FACTS NOT STORIES
Does everyone have wisdom teeth? Do all wisdom teeth cause problems? Do wisdom teeth hurt? Do I need my wisdom tooth out?
The conundrum of wisdom teeth and how we still don’t need them. Not everyone has wisdom teeth but the majority of us do. If you’re reading this post, likelihood is, that you are in the 75% that do. To the 25% that don’t, you are not any less wise without them, phew. To us wiz doomed others; it is not all so fantastically bad, modern dentistry has come along way.
Putting all the stories and bad jokes aside, did you know that all wisdom teeth do not need to be extracted? They can actually be totally harmless or benign AND even treating bad or impacted wisdom teeth can actually be a pain free experience too? Yes this part is actually true. Modern day dentistry does not have any horrors, thank god.
This post is to tell you how wisdom teeth become impacted (problematic), symptoms of an impacted tooth & what’s probably going to have to happen if you’ve got one…
…. Anyone seen my pliers?
WHY SO TROUBLESOME?
Most adults have 32 teeth, but do not have enough space in their mouths for 32 teeth. Times have changed, and so has our anatomy. Compared to our ancestors, we have smaller jaws as well as having the advantage of dental health care. Wisdom teeth are the third molars, which usually come through between the ages of 17 and 25. If you have them, you can have 1 to 2 in the upper and or lower jaw.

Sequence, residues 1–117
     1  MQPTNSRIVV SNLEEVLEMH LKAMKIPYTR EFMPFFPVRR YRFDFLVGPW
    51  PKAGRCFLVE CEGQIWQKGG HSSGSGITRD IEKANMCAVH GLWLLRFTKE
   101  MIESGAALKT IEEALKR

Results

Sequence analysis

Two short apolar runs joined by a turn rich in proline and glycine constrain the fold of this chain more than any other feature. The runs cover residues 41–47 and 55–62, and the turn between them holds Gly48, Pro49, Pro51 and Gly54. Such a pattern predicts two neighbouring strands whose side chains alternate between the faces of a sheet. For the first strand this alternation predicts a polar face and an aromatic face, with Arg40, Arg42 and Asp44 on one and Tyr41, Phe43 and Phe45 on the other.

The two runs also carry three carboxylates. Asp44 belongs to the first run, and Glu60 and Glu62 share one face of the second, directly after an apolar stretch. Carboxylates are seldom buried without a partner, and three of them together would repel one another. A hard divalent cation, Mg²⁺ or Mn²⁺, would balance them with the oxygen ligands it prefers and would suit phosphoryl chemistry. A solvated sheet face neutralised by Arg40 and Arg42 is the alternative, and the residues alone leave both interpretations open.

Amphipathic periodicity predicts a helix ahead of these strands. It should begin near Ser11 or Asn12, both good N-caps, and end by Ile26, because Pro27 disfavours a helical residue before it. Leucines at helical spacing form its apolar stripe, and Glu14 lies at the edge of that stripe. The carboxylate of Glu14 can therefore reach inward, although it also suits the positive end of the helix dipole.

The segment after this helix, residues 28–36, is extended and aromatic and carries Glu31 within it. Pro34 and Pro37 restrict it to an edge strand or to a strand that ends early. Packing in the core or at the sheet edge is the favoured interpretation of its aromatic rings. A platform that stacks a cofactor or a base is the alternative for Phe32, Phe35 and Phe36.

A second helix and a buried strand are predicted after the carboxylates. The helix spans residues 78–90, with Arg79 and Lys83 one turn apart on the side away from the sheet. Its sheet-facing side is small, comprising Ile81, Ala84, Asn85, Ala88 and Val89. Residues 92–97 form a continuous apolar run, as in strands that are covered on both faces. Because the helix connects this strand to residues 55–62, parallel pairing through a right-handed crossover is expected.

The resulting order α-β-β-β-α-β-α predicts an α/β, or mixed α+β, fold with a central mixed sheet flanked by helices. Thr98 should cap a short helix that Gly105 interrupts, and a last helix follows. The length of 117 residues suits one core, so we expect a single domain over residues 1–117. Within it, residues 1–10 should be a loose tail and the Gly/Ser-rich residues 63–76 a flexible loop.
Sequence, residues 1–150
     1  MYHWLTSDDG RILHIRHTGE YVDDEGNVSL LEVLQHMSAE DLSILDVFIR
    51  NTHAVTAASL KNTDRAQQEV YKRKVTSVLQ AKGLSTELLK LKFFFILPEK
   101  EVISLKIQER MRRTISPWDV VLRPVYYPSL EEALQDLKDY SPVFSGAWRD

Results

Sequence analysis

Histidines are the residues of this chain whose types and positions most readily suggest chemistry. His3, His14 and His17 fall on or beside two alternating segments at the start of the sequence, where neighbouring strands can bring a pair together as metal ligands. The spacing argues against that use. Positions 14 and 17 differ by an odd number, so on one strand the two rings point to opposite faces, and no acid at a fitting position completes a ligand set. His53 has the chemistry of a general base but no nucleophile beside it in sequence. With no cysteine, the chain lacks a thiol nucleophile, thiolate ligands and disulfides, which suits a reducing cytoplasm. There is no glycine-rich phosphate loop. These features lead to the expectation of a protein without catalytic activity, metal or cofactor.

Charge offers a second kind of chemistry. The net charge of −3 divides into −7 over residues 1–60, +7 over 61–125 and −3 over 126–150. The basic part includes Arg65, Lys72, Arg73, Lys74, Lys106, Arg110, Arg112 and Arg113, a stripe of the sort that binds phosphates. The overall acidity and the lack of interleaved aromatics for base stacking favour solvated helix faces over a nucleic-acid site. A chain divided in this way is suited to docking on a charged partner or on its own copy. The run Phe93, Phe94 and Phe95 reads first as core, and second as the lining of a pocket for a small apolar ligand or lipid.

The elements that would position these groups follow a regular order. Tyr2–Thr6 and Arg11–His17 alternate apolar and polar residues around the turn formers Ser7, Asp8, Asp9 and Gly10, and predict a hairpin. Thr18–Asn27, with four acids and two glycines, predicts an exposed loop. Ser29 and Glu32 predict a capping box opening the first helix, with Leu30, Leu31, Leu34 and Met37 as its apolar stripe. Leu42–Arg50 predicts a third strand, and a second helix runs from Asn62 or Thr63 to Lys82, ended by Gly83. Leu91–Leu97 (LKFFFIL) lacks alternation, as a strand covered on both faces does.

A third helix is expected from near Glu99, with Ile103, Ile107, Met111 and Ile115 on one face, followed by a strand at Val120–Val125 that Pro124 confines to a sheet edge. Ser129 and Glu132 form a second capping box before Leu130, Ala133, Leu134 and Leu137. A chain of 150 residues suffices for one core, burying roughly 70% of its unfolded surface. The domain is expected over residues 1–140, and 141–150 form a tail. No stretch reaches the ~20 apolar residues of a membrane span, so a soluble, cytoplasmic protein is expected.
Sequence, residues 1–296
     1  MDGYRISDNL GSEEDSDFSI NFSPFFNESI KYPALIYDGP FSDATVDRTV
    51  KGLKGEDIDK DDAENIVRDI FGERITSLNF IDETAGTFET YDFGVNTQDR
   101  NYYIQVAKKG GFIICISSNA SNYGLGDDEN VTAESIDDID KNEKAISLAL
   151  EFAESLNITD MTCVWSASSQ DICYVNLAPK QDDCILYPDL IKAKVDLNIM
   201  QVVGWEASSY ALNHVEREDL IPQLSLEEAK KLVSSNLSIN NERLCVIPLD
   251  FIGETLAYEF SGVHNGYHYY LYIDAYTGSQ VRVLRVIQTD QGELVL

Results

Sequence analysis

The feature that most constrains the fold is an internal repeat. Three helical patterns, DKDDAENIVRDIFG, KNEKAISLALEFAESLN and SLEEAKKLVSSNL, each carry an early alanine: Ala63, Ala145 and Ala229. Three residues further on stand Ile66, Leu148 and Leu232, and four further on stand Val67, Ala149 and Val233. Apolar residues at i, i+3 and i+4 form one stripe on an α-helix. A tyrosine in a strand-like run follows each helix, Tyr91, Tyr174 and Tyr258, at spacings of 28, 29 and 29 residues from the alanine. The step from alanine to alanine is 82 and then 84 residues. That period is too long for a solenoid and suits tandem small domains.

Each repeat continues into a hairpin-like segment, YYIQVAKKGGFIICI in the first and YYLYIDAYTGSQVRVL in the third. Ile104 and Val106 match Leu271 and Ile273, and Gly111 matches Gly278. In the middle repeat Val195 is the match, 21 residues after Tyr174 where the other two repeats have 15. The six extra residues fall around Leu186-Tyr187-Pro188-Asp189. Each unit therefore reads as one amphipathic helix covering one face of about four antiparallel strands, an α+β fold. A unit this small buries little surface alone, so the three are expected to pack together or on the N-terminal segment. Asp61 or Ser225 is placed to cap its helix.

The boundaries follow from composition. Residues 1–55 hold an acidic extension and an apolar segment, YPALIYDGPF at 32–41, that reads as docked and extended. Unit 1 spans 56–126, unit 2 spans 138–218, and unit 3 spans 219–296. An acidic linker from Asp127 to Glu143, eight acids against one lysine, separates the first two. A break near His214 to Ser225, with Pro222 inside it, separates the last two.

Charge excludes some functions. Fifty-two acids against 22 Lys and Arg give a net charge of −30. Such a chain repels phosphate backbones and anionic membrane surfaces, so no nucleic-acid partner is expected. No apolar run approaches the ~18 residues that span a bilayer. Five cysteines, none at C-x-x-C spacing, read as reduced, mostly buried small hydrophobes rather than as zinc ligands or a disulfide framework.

Some people have no problem with their wisdom teeth, other than a bit of discomfort when they come through (lucky them). But, for roughly 60% to 70% of patients, they will have impacted (problematic) wisdom teeth. That doesn’t necessarily mean painful, but “problematic”.
In dental terminology, an impacted wisdom tooth is a tooth that has failed to fully erupt. This could be for a multiple of different reasons, such as:
Wisdom teeth cause the majority of problems because of where they’re directing. It’s not always up!
Three’s a crowd
Now, we won’t get into the crowding debate, it’s a touchy subject in dentistry (do wisdom teeth cause crowding?). But, what we do know is that having no space for them to grow is a problem & causes problems.
Getting in the way
Again a space issue, this is where a wisdom tooth’s path is obstructed by another tooth.
It can hurt but it can not hurt too!
An impacted wisdom tooth can have no symptoms and sometimes can only be identified by a dentist through examining x-rays.
See right for symptoms of an impacted wisdom tooth.
- Prolonged headache and or jaw pain.
- Difficulty opening the jaw.
- Bad breath or an unpleasant taste in the mouth.
- Inflamed or bleeding gums.
- Swelling around gums and jaw.
- Tooth decay.
- Abscesses, cysts or tumours.
HOW WISDOM TEETH ARE PROBLEMATIC, DIFFERENT TYPES OF “IMPACTION”
Mesial Impaction – This is regarded as the most common type of impaction. This is where the tooth is emerging at a forward angle, toward the front of the mouth.
Distal Impaction – Opposite of a mesial impaction, the distal impaction is also at an angle, however, it is tilting towards the back of the mouth. This is the least common type of impacted wisdom tooth.